Asprin prevents blood clots

MARIKA HILL
Last updated 15:12 10/11/2012
Asprin
EFFECTIVE: Asprin can cut the risk of blood clots.

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Taking aspirin is a cheap and safe way to prevent deadly blood clots, according to an international study.

The research, which included trials in Auckland, found by taking the low-dose painkiller patients with blood clots were less likely to suffer a heart attack, stroke or reoccurring blood clots.

Auckland Hospital's Dr Paul Ockelford, who led the New Zealand trials, said the results would change the way patients with blood clots are treated.

"It's an exciting development," he said.

"We now have the evidence to recommend long-term aspirin as it's not only effective, but also safe and cheap."

Blood clots in the leg or lungs affect about one in every 1000 people in New Zealand each year. 

Prescribing aspirin could potentially prevent up to 30 episodes of recurrent major blood clots and its complications.

Blood clots in the legs, also known as deep vein thrombosis (DVT), can affect people of any age and have been linked to long distance travel.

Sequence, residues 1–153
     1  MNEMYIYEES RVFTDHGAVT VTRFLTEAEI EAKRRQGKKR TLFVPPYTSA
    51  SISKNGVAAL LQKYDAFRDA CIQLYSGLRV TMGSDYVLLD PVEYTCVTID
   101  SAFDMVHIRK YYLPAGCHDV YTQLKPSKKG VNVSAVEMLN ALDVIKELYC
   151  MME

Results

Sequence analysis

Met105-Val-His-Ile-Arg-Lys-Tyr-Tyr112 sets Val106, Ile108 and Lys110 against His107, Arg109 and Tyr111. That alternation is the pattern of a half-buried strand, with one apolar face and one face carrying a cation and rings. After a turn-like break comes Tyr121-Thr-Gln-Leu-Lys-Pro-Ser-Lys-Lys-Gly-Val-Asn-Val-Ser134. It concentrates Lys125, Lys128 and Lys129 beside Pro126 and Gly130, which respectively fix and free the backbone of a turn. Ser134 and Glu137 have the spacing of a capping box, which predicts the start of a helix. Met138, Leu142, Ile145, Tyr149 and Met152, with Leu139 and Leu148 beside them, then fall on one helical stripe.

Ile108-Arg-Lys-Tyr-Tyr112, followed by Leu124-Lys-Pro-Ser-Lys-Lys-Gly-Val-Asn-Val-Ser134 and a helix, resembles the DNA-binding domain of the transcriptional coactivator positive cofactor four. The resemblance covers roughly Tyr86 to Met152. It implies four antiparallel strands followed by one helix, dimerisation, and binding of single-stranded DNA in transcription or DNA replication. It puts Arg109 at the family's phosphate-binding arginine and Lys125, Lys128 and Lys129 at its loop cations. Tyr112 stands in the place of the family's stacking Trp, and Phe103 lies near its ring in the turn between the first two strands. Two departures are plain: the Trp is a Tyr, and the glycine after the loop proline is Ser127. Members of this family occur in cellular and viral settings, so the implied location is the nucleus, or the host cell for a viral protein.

Life-threatening complications arise when the blood clot dislodges, travels through the body and forms an embolism in other veins or arteries.

This can be deadly, especially when the embolism occurs in the lungs, heart or brain.  

Currently patients with blood clots are treated with blood thinning agent warfarin, but patients must take the costly medication for up to a year.

Principal Researcher Dr Tim Brighton, a haematologist in Sydney, said many patients stop warfarin early due to the inconvenience of regular blood tests and its health risks.

Patients who stop the treatment risk recurring blood clots.

This study found aspirin reduced the risk of stroke, heart attack or future blood clots. 

"We now have clear evidence that aspirin is of benefit for patients who are unable or do not wish to continue warfarin in the long term."

The study, partly funded by the Health Research Council of New Zealand, was published in The New England Journal of Medicine.

Researchers tracked patients in Australia, New Zealand, Singapore, India and Argentina.

All the participants had a history of blood clots of the lungs or legs and completed six months of anti blood-clotting treatment.

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